Michel Marc Bouchard's latest play tells the story of Queen Christina of Sweden, who wreaked havoc throughout northern Europe in the middle of the seventeenth century. An enigmatic monarch, a flamboyant and unpredictable intellectual, a woman eager for knowledge, and a feminist before her time, Christina reigned over an empire she hoped to make the most sophisticated in all of Europe.
In 1649, Christina summoned Ren#65533; Descartes to her court in Uppsala to share with her the radical new ideas emerging from science and philosophy at the time - ideas that contradicted long-held, faith-based views about the world. Astronomer Johannes Kepler had recently proposed the elliptical trajectory of planets - including Earth - around the sun, and Descartes himself contended, despite condemnation from the Church, that individuals, not God, determined their own destiny.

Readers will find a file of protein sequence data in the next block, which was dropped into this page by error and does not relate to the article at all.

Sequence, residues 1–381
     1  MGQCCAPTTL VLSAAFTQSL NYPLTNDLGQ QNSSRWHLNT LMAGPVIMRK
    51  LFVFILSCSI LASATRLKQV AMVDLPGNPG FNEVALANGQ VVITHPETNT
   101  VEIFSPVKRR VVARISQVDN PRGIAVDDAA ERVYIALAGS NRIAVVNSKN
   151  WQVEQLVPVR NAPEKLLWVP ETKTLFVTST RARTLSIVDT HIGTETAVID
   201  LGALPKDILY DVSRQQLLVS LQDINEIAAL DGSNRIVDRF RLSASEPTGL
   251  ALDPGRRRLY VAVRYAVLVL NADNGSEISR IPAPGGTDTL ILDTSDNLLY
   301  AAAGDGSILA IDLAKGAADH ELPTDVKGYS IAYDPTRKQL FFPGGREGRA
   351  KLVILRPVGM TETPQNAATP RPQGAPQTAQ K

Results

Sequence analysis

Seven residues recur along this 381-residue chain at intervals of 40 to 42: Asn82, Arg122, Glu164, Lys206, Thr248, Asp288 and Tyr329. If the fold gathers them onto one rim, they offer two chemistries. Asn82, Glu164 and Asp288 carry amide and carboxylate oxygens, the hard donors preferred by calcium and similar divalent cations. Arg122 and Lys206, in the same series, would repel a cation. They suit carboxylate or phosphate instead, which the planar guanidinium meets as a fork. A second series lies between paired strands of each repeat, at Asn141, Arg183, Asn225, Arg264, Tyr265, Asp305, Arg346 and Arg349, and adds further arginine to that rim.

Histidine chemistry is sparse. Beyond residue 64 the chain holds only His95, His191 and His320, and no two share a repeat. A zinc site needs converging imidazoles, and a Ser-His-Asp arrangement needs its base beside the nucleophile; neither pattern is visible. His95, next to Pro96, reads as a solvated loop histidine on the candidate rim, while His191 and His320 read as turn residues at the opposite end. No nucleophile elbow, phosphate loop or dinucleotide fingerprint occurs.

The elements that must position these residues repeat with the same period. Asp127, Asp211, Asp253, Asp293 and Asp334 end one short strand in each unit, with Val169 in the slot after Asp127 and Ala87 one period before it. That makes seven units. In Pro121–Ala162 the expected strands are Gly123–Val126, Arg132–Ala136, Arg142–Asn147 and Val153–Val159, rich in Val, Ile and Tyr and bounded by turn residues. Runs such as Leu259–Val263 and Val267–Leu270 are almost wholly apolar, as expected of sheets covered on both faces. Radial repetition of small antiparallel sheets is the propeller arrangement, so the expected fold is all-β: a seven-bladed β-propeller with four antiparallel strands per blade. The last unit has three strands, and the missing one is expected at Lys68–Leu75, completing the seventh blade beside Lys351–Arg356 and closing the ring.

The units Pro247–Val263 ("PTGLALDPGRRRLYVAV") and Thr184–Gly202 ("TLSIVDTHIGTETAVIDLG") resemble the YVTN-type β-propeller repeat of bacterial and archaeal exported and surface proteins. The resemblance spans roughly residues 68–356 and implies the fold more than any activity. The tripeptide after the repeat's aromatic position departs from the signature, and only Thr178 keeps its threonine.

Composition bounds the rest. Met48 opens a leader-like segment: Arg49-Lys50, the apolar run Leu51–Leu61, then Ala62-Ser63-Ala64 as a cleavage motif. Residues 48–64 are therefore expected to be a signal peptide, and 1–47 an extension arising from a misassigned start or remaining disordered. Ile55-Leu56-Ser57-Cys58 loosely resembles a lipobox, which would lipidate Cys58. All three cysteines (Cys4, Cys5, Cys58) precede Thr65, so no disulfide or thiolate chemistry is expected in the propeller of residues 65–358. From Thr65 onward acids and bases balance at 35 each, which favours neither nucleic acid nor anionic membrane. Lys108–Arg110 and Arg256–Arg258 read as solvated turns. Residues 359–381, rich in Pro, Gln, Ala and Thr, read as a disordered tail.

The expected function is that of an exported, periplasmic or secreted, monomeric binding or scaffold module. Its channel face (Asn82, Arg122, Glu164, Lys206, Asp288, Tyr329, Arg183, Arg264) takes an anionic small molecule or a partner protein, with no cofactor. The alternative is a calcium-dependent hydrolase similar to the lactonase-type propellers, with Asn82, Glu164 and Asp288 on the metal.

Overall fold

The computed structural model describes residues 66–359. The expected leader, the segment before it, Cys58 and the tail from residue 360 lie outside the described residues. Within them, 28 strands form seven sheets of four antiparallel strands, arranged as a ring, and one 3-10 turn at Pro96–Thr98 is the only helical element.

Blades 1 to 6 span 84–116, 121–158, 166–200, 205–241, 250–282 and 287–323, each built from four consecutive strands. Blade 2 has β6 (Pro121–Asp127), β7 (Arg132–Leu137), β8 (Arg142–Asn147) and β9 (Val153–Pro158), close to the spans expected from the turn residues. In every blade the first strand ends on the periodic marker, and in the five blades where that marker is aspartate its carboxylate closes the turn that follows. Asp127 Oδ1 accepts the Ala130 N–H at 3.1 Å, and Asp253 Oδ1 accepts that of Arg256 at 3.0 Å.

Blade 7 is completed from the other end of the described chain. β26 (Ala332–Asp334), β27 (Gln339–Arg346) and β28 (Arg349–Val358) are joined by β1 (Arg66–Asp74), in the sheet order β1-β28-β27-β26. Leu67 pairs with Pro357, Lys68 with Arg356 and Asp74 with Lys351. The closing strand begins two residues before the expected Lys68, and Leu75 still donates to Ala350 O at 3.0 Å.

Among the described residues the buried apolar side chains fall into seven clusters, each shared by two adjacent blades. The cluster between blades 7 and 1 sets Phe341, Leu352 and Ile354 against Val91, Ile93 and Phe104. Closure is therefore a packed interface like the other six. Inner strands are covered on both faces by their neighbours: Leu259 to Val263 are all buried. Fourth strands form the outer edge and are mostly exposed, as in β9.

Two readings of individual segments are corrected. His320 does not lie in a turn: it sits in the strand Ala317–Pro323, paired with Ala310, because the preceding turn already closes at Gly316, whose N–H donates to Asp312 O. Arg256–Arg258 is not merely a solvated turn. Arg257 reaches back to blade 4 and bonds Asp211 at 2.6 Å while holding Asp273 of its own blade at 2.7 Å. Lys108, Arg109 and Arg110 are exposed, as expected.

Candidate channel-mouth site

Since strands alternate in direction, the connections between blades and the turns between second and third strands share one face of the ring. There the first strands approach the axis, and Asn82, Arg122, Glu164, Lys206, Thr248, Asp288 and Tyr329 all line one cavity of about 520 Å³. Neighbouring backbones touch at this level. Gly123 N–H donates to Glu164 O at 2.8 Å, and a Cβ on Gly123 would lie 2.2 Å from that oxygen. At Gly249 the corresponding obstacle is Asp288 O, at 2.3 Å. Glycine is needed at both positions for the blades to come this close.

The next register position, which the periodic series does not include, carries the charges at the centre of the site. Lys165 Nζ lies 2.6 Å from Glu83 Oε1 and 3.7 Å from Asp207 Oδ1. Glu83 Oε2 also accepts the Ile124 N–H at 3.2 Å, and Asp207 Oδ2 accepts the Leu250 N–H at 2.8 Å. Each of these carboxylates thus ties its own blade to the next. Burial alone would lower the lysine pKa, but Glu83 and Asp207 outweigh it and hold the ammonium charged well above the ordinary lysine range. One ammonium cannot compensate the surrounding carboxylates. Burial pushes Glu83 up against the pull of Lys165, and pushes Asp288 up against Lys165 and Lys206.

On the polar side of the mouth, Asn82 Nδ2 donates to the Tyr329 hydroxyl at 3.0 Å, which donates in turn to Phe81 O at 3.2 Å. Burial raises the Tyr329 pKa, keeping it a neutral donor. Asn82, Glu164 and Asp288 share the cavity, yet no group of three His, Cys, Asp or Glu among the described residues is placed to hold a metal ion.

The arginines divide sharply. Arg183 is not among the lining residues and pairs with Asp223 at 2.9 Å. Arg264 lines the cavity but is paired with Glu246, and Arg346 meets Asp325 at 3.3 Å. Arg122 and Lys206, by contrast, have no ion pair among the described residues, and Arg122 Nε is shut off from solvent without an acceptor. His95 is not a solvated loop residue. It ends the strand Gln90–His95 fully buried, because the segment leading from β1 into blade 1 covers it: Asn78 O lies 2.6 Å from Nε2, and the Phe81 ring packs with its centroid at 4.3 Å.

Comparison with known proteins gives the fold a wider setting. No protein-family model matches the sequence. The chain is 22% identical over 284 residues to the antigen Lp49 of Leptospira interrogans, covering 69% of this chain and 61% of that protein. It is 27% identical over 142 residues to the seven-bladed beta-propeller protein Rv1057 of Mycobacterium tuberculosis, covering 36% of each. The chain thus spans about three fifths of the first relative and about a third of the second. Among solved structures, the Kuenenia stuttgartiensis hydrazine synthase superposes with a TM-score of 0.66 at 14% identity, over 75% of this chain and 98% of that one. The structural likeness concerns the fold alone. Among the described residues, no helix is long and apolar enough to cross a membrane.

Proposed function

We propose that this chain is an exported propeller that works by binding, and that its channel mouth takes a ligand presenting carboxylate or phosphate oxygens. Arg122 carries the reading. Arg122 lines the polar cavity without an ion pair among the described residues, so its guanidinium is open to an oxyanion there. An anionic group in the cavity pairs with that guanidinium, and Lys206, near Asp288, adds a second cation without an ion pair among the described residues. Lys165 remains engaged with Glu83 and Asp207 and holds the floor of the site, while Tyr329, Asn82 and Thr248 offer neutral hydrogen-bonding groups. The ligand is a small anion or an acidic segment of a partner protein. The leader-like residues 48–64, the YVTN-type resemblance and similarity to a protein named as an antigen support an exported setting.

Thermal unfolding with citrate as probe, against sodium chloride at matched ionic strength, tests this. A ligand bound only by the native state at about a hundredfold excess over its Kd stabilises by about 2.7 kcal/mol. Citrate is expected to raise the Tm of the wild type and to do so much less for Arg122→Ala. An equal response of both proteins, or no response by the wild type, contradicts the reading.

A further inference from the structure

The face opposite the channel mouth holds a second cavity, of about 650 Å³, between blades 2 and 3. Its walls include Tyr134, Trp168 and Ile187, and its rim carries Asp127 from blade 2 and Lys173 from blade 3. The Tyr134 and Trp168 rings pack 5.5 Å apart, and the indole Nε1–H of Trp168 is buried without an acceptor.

Descartes's ideas about free will and reason appealed to Christina, who was struggling to reconcile tensions between her rational, thinking self and emotions she dared not name - including her love for a woman. Rather than bow to pressure to conform to the expectations of a nation that demanded she give it an heir, the twenty-six-year-old queen abdicate her throne to convert to Catholicism - rendering her ineligible to rule, according to Swedish law. Was this an act of madness? Or a bold gesture of autonomy by a modern woman born out of her time - one whom the seventeenth century simply could not contain?
Christina, the Girl King premieres at the 2014 Stratford Festival.